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The Iliad Book 11 and 12

The next morning, Zeus makes it rains blood upon the Achaean lines, this fills them with panic
Due to this they suffer a massacre in the first part of the day. But, by afternoon, they have begun
to make progress. Agamemnon, very well armed, cuts down man after man and beats the Trojans
back to the citys gates. Zeus sends Iris to tell Hector that he must wait until Agamemnon is
wounded before his attack. Agamemnon soon receives his wound at the hands of Coon,
Antenors son. The injured Agamemnon kills Coon, but is eventually forces from the field.
Hector recognizes his chance and charges the Achaean line. This drives it back. The
Achaeans panic and ready to retreat, but the words of Odysseus and Diomedes fill them with
renewed courage. Diomedes then hurls a spear that hits Hectors helmet. This hit badly stuns
Hector and forces him to retreat. Paris answers the Achaeans act by wounding Diomedes with an
arrow. Trojans now encircle Odysseus, left to fight alone. He beats them all off, but gets
wounded through the ribs. Ajax carries Odysseus back to.
Hector resumes his assault on another part on the line. The Greeks hold him off, but they
panic when the healer Machaon receives wounds. Hector and his men force Ajax to retreat as
Nestor conveys Machaon back to his tent. Meanwhile, behind the lines, Achilles sees the injured
Machaon fly by in a chariot and sends his companion Patroclus to inquire into Machaons status.
Nestor tells Patroclus about all of the wounds that the Trojans have inflicted upon the Achaean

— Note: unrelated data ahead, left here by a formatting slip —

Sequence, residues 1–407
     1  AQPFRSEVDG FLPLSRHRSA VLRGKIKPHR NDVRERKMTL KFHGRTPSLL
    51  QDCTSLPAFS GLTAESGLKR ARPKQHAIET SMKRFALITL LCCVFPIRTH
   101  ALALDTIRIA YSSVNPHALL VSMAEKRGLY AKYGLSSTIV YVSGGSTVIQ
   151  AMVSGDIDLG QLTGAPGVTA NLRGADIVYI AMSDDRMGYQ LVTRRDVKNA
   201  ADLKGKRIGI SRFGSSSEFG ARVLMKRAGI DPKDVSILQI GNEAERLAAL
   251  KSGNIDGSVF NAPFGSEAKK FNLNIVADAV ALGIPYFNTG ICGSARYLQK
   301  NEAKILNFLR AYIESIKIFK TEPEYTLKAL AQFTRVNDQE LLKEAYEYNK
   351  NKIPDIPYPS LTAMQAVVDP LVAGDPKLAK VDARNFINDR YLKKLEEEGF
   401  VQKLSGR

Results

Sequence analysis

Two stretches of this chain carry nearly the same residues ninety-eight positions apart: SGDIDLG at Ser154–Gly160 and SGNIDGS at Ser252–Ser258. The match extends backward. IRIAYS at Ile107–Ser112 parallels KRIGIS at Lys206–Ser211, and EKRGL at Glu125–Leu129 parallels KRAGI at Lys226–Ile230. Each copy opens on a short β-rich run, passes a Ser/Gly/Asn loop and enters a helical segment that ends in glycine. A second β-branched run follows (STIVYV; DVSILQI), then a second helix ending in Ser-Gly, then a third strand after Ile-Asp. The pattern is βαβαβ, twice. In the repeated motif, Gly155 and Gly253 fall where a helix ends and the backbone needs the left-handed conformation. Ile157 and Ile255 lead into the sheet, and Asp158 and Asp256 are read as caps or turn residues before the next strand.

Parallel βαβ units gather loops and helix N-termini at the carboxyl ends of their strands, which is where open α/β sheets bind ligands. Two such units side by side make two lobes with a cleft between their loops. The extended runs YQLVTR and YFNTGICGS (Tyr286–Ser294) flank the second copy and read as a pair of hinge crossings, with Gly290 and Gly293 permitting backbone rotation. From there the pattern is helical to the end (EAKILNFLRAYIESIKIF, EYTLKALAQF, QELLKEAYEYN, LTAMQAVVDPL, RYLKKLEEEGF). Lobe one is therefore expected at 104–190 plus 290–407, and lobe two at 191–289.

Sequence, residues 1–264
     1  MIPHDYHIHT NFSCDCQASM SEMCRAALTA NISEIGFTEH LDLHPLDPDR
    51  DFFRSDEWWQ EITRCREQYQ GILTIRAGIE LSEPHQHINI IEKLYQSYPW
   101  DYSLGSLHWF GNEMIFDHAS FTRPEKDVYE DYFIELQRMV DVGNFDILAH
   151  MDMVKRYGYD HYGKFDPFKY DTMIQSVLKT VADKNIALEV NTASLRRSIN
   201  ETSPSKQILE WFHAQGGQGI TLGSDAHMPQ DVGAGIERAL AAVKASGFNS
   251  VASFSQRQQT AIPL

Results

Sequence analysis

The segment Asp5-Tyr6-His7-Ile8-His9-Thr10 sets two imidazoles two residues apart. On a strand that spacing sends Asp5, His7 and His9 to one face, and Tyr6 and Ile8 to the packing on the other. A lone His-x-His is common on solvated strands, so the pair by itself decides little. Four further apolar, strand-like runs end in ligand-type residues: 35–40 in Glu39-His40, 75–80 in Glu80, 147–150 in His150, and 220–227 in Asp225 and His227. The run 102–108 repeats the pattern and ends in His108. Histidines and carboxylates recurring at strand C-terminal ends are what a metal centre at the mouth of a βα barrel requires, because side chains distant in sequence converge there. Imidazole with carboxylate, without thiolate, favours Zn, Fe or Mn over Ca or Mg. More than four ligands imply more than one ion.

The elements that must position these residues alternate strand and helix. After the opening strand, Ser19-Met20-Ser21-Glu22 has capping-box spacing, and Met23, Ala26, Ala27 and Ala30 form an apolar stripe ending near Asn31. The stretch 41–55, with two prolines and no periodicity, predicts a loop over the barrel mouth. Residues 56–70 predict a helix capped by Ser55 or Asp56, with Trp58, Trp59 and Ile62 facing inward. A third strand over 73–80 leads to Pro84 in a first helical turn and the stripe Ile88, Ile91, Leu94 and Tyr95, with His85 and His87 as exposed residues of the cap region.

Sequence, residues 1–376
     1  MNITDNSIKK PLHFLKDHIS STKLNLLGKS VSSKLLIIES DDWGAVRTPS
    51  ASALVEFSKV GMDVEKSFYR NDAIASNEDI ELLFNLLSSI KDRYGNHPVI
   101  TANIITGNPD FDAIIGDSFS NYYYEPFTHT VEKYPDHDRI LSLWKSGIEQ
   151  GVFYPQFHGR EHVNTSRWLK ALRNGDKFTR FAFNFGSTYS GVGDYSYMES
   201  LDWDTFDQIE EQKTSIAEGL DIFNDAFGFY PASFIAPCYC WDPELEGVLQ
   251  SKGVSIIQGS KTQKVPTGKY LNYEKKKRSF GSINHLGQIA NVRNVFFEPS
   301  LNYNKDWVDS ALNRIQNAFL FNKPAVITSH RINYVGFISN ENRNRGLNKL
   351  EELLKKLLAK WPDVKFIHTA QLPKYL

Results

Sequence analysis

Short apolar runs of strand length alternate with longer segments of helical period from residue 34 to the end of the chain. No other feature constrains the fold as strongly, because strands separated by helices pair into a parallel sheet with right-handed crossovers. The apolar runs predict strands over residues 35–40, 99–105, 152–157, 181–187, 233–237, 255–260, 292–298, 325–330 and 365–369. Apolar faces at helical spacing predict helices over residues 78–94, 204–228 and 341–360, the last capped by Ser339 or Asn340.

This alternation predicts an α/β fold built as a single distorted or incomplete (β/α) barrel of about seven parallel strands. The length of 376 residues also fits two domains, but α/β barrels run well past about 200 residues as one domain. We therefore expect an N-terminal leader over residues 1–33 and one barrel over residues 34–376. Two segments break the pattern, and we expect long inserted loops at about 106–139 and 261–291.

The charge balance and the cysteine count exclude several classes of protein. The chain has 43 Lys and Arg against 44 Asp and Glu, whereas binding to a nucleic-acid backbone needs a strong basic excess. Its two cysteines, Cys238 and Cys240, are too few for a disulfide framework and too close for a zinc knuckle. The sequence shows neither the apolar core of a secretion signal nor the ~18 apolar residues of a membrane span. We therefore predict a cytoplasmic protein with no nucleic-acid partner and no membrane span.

commanders. He begs Patroclus to persuade Achilles to rejoin the battleor at least enter the
battle himself disguised in Achilles armor. This ruse would at least give the Achaeans the benefit
of Achilles terrifying aura. Patroclus agrees to appeal to Achilles.

We learn that the Achaean fortifications are doomed to be destroyed by the gods when
Troy falls. They continue to hold for now, and the trench dug in front of them blocks the Trojan
chariots from advancing any farther. Unconcerned, Hector, acting on the advice of the young
commander whose name was Polydamas, orders his men to disembark from their chariots and
cahrge the ramparts. Just as the Trojans prepare to cross the trenches, an eagle flies to the lefthand side of the Trojan line and drops a serpent in the soldiers midst. Polydamas interprets this
event as a sign that their charge will fail, but Hector refuses to retreat.
The Trojans Glaucus and Sarpedon now charge the fortifications, and Menestheus, aided by
Great Ajax and Teucer, struggles to hold them back. Sarpedon makes the first breach, and Hector
follows by shattering one of the gates with a boulder. The Trojans pour through the fortifications
as the Achaeans, terrified, fall back against the ships.

I include book 11 so there would be some back ground as to what is happening.